Volunteer Researches Success of HOPE in Tajikistan
I saw the patients Project HOPE was helping. Fewer people suffered or lost their livelihoods when we were able to donate medicine. Fewer diabetics lost their limbs, and fewer children went into comas.
Roman Madaus, an international relations student at Tufts University, spent two months during the summer of 2012 volunteering for Project HOPE in Tajikistan. He researched and documented the impact that Project HOPE’s work has had on the health of diabetics in this country.
Before I went to Tajikistan with Project HOPE, I thought I knew a good bit about travel, foreign cities and foreign cultures.I had worked and done military service in Germany in addition to traveling throughout Europe and in some Latin American countries.None of these experiences came even close to the utter differentness of Tajikistan.
At first it was difficult. This was my first time in an Asian – let alone Central Asian – country, my first time in a post-Soviet country, and my first time in a Muslim country. My body had to quickly adjust to the climate, the food and the time zone, and my brain had to adjust to the foreign alphabet, sounds, smells, and sights. For me, though, the differentness was actually one of the highlights of my stay in Tajikistan. The overwhelming flood of new sensory input was exhilarating!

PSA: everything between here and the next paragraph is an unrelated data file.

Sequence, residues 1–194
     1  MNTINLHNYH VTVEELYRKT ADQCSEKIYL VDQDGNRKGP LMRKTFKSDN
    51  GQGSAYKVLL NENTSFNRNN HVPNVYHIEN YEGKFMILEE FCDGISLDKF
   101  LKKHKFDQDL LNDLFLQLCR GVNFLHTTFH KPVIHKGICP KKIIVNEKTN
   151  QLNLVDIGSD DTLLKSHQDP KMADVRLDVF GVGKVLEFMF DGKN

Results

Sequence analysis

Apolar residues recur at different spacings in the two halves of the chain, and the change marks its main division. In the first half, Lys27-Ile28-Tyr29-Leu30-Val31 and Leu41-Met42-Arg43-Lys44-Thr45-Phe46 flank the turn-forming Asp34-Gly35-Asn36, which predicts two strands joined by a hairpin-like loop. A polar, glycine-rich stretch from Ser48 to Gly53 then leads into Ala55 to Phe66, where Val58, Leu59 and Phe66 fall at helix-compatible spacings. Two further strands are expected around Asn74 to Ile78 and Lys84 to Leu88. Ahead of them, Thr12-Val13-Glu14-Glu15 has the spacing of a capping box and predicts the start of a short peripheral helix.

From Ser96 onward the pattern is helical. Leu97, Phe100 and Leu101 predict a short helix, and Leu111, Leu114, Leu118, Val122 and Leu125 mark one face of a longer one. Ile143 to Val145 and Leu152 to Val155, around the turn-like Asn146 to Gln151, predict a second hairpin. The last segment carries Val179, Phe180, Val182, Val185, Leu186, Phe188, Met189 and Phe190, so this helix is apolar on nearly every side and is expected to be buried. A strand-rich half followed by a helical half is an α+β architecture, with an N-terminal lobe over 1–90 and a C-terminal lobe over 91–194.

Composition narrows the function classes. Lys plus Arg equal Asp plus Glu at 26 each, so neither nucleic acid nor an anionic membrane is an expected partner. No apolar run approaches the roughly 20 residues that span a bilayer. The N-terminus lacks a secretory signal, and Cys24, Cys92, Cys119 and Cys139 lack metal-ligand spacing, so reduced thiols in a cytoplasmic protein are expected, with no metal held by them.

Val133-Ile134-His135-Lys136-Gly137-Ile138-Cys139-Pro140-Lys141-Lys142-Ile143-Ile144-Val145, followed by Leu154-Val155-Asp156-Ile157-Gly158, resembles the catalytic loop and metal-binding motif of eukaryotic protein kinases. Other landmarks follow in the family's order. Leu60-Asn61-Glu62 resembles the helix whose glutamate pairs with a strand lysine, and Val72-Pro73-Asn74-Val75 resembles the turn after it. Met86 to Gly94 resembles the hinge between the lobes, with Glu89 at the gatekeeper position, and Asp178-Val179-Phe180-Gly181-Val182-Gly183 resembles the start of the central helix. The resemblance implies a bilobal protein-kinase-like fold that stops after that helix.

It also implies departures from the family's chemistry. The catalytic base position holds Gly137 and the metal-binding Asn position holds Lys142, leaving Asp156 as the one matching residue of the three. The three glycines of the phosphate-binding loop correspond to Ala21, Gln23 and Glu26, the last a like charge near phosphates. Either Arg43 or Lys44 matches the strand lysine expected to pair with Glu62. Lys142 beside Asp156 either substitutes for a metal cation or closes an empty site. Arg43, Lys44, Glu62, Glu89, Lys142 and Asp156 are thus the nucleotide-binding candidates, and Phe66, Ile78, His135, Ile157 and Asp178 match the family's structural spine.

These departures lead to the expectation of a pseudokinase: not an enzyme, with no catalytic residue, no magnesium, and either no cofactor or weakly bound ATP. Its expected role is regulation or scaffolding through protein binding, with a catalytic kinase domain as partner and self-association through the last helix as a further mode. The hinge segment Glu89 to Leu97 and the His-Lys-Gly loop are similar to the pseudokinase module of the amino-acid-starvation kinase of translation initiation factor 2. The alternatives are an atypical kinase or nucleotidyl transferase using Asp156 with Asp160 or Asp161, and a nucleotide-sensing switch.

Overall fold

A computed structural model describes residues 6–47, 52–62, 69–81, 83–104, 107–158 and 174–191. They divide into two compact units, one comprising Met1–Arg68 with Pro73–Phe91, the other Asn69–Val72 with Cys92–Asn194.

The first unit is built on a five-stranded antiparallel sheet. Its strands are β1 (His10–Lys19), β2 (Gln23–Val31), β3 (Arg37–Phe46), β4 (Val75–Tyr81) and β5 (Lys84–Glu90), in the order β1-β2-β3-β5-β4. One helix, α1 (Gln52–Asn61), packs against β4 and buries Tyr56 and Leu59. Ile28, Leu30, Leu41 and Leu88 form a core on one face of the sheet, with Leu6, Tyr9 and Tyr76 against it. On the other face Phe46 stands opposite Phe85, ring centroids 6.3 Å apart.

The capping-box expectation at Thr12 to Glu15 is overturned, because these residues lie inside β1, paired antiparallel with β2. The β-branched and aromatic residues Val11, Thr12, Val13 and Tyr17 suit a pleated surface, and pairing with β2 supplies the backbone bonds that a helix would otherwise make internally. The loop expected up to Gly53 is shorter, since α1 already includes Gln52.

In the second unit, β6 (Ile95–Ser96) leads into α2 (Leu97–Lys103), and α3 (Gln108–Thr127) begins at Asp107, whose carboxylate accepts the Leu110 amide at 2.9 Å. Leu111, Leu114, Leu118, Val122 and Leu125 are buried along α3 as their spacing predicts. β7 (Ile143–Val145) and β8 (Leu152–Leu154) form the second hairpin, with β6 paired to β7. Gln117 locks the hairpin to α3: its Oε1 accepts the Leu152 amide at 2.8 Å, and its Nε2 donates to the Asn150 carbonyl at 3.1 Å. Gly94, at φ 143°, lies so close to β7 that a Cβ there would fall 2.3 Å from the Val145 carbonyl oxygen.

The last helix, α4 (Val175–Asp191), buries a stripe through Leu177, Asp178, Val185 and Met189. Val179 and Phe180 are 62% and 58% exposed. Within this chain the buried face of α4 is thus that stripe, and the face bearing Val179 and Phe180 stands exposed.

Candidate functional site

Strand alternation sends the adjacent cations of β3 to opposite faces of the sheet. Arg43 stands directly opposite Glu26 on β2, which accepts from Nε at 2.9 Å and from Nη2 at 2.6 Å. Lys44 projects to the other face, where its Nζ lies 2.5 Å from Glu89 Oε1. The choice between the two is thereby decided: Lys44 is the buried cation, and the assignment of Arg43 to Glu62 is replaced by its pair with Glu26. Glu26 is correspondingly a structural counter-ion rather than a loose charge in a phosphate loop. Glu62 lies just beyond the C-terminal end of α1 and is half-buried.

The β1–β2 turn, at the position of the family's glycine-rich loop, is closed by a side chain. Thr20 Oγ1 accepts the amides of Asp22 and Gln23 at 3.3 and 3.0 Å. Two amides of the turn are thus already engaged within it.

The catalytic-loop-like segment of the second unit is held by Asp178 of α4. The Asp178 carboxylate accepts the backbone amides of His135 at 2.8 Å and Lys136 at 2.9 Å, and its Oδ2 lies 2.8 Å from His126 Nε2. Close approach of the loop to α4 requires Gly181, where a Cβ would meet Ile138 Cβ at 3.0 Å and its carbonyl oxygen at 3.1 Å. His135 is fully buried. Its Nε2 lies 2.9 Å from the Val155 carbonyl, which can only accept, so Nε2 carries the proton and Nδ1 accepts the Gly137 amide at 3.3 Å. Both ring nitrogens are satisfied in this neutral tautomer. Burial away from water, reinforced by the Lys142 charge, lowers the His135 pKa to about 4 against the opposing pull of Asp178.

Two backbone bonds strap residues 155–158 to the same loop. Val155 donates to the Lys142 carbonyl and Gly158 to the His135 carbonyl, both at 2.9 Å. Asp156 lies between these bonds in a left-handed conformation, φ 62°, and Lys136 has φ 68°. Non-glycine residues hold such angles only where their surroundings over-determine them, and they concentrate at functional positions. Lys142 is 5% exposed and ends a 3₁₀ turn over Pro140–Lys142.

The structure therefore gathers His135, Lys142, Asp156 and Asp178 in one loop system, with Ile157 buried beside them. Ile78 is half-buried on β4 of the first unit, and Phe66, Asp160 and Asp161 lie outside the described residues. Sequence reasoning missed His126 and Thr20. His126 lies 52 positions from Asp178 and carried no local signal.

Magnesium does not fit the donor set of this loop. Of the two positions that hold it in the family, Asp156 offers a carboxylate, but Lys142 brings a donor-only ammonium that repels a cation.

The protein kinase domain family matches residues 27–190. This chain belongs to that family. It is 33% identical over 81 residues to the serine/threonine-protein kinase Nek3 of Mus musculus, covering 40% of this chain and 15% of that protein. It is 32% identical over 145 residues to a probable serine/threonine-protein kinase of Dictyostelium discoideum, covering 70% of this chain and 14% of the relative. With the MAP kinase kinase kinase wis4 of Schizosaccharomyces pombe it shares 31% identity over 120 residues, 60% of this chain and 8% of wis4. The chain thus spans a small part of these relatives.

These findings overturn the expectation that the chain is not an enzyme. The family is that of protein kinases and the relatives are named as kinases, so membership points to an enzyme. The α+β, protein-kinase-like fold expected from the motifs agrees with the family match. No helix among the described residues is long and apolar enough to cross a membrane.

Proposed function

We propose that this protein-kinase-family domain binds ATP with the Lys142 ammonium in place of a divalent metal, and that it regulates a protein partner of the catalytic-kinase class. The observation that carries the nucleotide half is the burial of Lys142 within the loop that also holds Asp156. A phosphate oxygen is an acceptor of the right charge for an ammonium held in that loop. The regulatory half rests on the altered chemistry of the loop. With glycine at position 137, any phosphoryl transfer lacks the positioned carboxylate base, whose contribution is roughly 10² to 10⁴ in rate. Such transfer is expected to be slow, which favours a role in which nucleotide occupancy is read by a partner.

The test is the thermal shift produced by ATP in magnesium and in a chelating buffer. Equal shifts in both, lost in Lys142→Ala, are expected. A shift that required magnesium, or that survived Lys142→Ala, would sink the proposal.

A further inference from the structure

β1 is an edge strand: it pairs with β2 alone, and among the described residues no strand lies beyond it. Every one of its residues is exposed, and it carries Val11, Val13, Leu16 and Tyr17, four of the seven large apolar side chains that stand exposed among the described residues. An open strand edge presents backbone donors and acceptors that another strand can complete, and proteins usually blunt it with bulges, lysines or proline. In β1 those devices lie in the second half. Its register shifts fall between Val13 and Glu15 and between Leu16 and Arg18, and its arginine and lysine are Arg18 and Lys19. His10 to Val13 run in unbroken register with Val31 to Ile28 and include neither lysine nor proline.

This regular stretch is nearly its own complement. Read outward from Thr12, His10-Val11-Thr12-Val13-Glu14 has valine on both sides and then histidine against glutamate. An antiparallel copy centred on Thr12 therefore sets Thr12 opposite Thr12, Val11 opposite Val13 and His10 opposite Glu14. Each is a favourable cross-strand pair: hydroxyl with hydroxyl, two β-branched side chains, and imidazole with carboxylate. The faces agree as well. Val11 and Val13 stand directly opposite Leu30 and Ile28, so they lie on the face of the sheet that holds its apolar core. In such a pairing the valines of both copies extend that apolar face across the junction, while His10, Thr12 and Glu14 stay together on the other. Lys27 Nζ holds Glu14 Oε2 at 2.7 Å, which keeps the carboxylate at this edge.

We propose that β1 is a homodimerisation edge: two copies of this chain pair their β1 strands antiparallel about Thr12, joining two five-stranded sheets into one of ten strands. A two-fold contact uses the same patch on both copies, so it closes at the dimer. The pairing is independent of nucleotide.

As I was conducting research for my impact-assessment report, the experience of navigating Tajikistan’s health care network—especially the hospitals—laid bare the realities of living in a poor country for me. I saw people who had literally been crippled by their inability to find medical treatment. This is normal for most of the world.
In a country where the average family cannot afford to save, health care costs are crippling. The impact of HOPE’s work in Tajikistan was easy to see first-hand. I saw the patients Project HOPE was helping, and I graphed the data showing that fewer of those same people suffered or lost their livelihoods when we were able to donate medicine. Fewer diabetics lost their limbs, and fewer children went into comas.
My time in Tajikistan certainly made me thankful for the small things, but, as with many things, that will fade with time. What will stay with me is the stark realization—not just the conceptualization—of how the majority of the world’s population lives and survives. It’s this realization that will remain with me, long after I’ve forgotten the foreign words, the smells, and the sights of Tajikistan.